We had a bit of a late start, I was feeling better but Monica was not. We didn't set out until early afternoon, but we got to see the Taj Mahal, and it is truly one of the wonders of the world.
One parks some distance from the Taj Mahal and there is an electrical bus to take tourists the final stretch. This is an anti pollution measure, of course, there are lots of people offering to act as guides. Our guide was pretty good, but in hindsight we should have said goodbye at the Taj, as this would have freed us to explore alone, and still allowed him to look for the next punters - we didn't need him to take us back.
The Taj Mahal was built as a memorial for the favourite Maharani of the Maharaja of Agra, a monument to his love. The building is perfectly symmetrical, with a mosque on one side, and, to keep the balance, a whole seperate building on the other. This building can't be used as a mosque as it's facing the wrong way.
The Taj Mahal is finished in white marble, and at the top is a massive single stone lotus flower. To get it up there they made an earth ramp some 2km long, and hauled it up there with elephants. This represents a phenomenal amount of manpower.
On the far bank of the river we could see the foundations for what would have been the black Taj, this would have made a fourfold symmetry - the black Taj would have been the tomb for the Maharaja himself. It would have been black as he wanted to be in her shadow. Unfortunately, his son had seized power and the political situation was such that the Maharaja spent his dying days in Agra Fort, within site of his love at the Taj Mahal.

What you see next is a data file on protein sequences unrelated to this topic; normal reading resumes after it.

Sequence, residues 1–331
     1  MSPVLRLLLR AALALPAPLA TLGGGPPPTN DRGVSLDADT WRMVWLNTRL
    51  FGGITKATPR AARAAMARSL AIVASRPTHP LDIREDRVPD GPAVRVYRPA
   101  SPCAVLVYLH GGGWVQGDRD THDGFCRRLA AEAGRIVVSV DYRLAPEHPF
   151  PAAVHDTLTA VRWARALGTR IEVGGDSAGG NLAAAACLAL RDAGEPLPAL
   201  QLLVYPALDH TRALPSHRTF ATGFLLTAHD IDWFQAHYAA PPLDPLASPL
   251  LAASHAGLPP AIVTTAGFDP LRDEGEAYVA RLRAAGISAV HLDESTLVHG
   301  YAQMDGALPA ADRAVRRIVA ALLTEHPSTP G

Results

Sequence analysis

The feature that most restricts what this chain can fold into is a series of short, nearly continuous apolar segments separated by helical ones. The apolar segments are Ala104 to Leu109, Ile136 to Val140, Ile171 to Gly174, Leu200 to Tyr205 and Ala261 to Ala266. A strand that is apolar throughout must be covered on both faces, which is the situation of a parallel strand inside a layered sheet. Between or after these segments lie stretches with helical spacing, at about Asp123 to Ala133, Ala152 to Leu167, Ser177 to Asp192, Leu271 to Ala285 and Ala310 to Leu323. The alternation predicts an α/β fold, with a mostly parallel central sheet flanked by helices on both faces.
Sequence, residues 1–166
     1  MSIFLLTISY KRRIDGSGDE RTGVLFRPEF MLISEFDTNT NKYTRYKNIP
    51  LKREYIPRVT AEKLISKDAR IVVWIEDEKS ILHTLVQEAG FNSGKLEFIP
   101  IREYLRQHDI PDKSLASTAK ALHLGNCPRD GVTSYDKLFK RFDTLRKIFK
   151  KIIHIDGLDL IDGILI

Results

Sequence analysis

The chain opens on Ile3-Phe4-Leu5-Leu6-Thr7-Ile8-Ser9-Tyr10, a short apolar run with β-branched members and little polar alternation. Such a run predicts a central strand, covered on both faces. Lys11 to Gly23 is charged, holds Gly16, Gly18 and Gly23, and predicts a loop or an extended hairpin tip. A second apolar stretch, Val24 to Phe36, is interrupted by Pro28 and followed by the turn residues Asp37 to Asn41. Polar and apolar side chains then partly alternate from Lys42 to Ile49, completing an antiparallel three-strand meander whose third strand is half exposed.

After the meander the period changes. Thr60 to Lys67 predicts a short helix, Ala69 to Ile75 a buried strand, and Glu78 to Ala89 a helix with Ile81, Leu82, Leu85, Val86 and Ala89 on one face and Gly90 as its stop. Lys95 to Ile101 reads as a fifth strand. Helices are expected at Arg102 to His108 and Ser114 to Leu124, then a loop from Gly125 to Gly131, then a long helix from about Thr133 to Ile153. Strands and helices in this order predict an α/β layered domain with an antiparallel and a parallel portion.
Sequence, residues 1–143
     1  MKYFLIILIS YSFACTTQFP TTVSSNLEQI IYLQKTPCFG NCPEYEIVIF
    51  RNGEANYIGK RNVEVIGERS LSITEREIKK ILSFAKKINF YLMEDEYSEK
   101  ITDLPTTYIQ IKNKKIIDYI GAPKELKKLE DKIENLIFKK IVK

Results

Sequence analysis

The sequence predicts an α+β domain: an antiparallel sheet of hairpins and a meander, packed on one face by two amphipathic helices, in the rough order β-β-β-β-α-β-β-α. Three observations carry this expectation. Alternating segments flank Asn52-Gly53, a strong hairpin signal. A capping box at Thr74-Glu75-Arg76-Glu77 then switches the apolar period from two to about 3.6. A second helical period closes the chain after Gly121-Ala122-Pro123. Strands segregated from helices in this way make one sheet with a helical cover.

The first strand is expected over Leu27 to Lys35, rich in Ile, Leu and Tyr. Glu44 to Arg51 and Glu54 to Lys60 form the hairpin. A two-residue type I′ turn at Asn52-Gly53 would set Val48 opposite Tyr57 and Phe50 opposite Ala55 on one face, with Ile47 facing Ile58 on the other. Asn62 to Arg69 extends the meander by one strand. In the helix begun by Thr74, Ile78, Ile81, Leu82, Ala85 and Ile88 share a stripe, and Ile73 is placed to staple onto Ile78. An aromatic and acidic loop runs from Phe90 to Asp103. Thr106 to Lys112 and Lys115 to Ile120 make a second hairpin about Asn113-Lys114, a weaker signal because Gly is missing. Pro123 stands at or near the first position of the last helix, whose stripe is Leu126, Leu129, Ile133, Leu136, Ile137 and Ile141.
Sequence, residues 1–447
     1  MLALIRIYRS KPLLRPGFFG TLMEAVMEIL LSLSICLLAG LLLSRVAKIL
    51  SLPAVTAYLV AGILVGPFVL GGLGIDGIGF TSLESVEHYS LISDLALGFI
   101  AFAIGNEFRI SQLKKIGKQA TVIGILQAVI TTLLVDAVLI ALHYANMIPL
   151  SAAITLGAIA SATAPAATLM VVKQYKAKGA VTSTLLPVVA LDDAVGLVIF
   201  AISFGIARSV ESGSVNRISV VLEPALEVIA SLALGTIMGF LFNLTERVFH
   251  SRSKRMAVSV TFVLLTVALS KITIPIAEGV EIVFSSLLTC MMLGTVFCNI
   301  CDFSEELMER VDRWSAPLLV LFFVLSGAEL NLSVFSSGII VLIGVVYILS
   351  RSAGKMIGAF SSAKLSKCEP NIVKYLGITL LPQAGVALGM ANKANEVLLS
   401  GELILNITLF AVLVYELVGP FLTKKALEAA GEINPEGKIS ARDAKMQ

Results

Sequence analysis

If you plan to visit the Taj Mahal, it should be noted that foreigners pay more than locals. Personally I have no problem with this given the differences in the average wage. Also, you will need to travel light. You are only allowed to take in a limited number of items. We took a camera and water.
From the Taj Mahal we went over to Agra Fort, this is a huge complex and only part of it is accessible to the public. There's a huge throne there, and one can see the rooms where the old Maharaja spent his last days.
At the fort there was a rope which went to street level, if any of the commoners wished they could seek an audience with the Maharaja by pulling on the rope which rang a bell to alert him. Somehow I can't imagine that working today!
Oddly, moving around the fort there were several people who asked if they could have their photos taken with Monica - this was just weird.
Monica was pretty beat by the time we got back to the hotel, we ended up watching Star TV, a submarine film called 'Below', and 'True Lies'. I made Monica eat something and she opted for the 'blandest thing on the menu', fish and chips.
It was a little worrying that she wasn't too well - we had a long train journey to face the next day. We would be off to Kolkata (Calcutta)